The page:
Hence it must be decided by trial, which is the more important to see critically sharp at the moment of firing, the foresight or the aiming mark. By experience the answer has been found to be the foresight, under all conditions. With a blurred foresight and sharply focused aiming mark at the moment of firing it is very easy to get a low magpie or even an outer, whereas with a sharply focused foresight and blurred aiming mark one should seldom get even a bad inner (presuming in each case that the act of firing has not been allowed to alter the aim).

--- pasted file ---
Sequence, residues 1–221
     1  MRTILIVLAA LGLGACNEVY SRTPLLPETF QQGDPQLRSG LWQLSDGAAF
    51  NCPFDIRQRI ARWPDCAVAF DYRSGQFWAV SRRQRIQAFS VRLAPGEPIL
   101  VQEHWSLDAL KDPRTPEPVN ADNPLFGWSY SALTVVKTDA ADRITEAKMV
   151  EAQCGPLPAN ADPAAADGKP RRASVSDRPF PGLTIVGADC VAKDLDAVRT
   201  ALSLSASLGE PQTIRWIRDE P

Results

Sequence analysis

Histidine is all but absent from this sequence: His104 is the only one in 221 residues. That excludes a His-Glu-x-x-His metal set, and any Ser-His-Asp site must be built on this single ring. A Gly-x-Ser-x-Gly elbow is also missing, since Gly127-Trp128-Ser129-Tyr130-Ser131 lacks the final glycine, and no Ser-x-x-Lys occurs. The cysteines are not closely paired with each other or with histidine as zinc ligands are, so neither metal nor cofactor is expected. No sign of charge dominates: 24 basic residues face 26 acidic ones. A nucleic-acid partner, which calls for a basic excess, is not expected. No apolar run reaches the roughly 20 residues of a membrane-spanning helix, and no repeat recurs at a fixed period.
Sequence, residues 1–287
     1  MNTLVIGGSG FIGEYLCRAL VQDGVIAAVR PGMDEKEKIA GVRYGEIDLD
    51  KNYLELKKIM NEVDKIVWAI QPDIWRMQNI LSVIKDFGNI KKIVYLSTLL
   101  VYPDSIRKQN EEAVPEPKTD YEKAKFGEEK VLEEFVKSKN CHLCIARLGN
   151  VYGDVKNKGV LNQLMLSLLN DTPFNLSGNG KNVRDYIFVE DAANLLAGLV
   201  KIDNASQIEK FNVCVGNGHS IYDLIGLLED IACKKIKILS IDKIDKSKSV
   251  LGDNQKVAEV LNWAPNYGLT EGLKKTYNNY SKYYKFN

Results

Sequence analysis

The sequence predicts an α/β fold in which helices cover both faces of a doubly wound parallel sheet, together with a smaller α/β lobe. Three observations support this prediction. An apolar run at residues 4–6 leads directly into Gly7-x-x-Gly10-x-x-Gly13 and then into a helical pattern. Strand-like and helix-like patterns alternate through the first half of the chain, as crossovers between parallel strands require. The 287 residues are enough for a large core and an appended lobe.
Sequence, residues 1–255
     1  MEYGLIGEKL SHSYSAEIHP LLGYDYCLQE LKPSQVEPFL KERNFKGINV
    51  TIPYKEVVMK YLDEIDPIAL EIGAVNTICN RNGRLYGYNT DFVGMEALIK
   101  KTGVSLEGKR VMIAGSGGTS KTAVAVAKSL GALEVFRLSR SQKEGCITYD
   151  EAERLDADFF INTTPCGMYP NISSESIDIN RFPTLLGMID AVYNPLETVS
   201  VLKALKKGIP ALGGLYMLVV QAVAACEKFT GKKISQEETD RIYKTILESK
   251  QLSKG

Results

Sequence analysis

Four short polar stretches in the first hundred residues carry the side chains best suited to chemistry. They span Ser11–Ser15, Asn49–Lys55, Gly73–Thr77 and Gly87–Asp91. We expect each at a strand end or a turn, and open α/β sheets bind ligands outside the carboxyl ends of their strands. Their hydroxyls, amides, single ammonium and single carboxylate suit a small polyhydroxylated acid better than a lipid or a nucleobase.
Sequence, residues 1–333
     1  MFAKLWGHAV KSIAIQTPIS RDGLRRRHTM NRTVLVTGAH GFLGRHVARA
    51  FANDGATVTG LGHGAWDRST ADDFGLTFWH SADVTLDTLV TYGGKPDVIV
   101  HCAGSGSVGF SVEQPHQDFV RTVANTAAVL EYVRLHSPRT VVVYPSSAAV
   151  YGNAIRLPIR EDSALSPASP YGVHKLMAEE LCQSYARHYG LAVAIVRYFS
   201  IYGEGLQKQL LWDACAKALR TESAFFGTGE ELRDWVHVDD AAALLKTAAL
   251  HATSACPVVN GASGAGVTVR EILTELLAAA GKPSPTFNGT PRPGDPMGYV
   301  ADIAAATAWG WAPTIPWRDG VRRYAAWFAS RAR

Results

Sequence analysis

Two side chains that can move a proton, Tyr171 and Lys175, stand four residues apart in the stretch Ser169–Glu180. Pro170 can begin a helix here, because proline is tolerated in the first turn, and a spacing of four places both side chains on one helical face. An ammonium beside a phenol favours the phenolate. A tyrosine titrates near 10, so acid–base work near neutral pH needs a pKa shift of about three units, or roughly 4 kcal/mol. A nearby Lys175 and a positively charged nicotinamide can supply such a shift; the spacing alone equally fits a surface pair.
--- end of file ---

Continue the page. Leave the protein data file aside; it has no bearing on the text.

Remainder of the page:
Consequently, it is vitally important to be sure that, at the moment of firing, one is seeing the foresight’s top edge and sides very sharply defined, i.e., that the eye is focused upon the foresight. This will always make the aiming mark appear slightly blurred n outline; also, the larger the aperture used the greater this blurring will be, but it does not matter so long as the foresight looks critically sharp, and is in the centre of the aperture, and is held up correctly to the aiming mark.

(A further article by Dr. Row will appear in next week’s issue, and will be a continuation of the subject dealt with above.)

Referee Thu 6 Aug 1936